hsCRP (high sensitivity C-reactive protein) is a blood marker that gives a measure of the general level of inflammation in the body. Inflammation is a normal part of our body’s defence system. But when inflammation exists over a long period, that is when it can have a detrimental effect on health. Chronic inflammation is linked to heart disease, type 2 diabetes, some forms of cancer, autoimmune diseases and many other health conditions. Because chronic inflammation does not always have obvious outwards signs or symptoms, then a sensitive blood analysis can help in detecting and monitoring chronic inflammation over time.
Inflammation is how our body responds to a variety of physical and internal threats. Inflammation can be present during a viral infection, a sprained ankle, or as part of a chronic health condition such as heart disease. Elevated levels of inflammation, which can be detected by measuring hsCRP levels, are closely linked to many chronic diseases. As the disease progresses, so too does the degree of inflammation.
The hsCRP analysis is more sensitive than a standard CRP analysis. That makes it more sensitive to smaller changes in inflammation. Regularly monitoring hsCRP allows you to identify a small problem before it becomes a big problem. And knowing that the problem is there lets you take positive diet, exercise, lifestyle and medical interventions to combat the inflammation.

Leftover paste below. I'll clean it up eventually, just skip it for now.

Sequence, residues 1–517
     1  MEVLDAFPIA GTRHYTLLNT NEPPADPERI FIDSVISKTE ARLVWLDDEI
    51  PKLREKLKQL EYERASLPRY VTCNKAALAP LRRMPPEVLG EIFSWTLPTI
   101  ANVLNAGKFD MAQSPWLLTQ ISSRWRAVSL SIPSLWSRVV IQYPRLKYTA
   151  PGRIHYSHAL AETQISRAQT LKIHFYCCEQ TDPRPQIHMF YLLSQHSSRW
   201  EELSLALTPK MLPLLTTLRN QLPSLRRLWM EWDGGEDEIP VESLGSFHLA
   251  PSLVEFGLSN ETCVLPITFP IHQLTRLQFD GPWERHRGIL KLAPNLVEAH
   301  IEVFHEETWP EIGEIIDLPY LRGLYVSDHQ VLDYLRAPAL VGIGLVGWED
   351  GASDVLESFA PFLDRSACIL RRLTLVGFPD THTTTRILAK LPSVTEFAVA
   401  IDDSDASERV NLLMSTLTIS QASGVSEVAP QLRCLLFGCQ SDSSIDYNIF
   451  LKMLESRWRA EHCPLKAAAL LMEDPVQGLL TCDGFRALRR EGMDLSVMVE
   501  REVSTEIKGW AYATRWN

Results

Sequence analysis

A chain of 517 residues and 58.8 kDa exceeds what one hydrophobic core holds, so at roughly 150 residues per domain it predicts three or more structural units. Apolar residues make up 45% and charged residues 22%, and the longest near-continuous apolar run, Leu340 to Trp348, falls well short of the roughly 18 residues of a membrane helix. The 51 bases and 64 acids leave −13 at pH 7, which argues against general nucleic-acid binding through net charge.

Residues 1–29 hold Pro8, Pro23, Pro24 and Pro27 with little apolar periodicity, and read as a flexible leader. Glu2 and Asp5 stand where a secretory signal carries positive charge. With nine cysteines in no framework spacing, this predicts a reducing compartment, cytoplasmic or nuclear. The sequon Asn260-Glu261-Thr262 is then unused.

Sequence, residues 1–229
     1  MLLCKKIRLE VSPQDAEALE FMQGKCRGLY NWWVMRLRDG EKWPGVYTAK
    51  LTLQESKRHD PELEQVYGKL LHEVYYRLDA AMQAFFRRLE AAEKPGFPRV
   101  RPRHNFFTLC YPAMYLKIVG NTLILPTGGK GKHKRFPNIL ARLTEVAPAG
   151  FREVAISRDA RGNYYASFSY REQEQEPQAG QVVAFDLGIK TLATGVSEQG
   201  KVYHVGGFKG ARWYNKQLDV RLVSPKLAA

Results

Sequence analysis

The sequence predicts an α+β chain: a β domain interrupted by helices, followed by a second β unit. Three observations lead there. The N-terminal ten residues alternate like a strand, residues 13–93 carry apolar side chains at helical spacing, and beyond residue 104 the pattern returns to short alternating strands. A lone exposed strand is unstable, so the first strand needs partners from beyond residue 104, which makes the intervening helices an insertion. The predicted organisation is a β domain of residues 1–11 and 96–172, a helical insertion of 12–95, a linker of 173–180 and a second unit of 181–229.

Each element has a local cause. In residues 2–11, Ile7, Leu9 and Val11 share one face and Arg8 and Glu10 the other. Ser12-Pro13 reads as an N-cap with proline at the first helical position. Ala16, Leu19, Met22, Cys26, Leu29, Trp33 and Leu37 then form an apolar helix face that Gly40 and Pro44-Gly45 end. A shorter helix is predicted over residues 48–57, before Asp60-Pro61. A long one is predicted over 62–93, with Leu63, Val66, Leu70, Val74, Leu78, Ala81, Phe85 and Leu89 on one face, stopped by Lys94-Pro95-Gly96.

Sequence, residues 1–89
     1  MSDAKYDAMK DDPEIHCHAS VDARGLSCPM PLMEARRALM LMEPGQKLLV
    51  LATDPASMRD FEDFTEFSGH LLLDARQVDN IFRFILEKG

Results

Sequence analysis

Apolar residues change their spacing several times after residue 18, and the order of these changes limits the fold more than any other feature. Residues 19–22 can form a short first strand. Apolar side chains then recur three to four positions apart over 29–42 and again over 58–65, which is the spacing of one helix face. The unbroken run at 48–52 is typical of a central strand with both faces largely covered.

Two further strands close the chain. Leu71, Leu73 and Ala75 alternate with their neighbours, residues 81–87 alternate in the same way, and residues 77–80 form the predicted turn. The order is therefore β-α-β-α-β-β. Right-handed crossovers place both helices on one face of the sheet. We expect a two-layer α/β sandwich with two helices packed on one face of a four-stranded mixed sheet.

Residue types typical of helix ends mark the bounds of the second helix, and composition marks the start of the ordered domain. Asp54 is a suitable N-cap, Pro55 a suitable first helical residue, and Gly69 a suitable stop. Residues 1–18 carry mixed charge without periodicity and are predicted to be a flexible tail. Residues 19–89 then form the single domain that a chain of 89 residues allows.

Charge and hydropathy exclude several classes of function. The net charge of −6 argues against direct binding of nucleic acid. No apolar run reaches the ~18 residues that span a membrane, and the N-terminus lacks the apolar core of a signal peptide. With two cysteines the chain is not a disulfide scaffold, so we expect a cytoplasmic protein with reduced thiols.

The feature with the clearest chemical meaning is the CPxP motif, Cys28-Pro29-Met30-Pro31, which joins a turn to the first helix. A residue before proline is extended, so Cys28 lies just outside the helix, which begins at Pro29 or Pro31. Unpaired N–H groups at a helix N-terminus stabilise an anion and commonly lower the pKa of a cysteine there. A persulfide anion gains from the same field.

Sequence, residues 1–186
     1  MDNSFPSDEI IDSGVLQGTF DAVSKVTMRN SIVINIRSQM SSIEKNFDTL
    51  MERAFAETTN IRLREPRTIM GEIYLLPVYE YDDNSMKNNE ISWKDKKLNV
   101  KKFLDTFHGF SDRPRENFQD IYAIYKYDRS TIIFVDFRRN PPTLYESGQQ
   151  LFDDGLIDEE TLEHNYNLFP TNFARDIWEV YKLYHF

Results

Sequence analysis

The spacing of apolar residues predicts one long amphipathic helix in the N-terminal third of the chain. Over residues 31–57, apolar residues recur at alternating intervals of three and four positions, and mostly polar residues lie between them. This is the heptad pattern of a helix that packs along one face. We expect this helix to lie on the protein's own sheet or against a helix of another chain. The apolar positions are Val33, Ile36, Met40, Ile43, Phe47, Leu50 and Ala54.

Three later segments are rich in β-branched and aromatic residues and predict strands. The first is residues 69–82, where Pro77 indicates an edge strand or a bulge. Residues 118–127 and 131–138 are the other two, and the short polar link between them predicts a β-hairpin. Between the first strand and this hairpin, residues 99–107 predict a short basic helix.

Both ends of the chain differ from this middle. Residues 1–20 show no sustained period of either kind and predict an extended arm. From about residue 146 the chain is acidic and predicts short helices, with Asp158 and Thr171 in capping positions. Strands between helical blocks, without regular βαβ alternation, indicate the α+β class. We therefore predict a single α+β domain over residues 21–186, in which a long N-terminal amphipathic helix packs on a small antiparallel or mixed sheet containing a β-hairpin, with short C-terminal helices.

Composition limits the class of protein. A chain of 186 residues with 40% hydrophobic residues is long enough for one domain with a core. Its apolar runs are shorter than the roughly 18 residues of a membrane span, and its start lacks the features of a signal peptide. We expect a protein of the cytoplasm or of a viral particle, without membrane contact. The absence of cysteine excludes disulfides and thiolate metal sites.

Your hsCRP result can be used to:
Check your hsCRP levels are within the healthy range - Keeping your hsCRP level in the desirable range lowers your risk of chronic inflammation and cardiovascular disease.
Check if you may be at risk of cardiovascular disease - The hsCRP analysis can also report if you could have chronic inflammation and so may be at higher risk of cardiovascular disease. If your result is above the level considered desirable, it is recommended you speak with your doctor to discuss the best way to manage your health. Catching some of the early signs of cardiovascular disease by a hsCRP analysis will help you track the impact of lifestyle changes on your risk.
The MonitorYou hsCRP results report contains:
An example of the report can be viewed here.
Note: hsCRP is only one risk factor for cardiovascular disease and should be used to assess risk in conjunction with other health results, personal medical history and lifestyle habits. The hsCRP analysis is not designed for diagnostic use or to detect acute inflammation from infection or injury. There are many medical conditions and medications that can affect the hsCRP result so a reading outside of the normal range should be investigated further by your doctor.
For clinicians and consumers who want in depth detail about the dried blood spot technology and other clinical and quality aspects of our hsCRP analysis click here
For more information please read our frequently asked questions.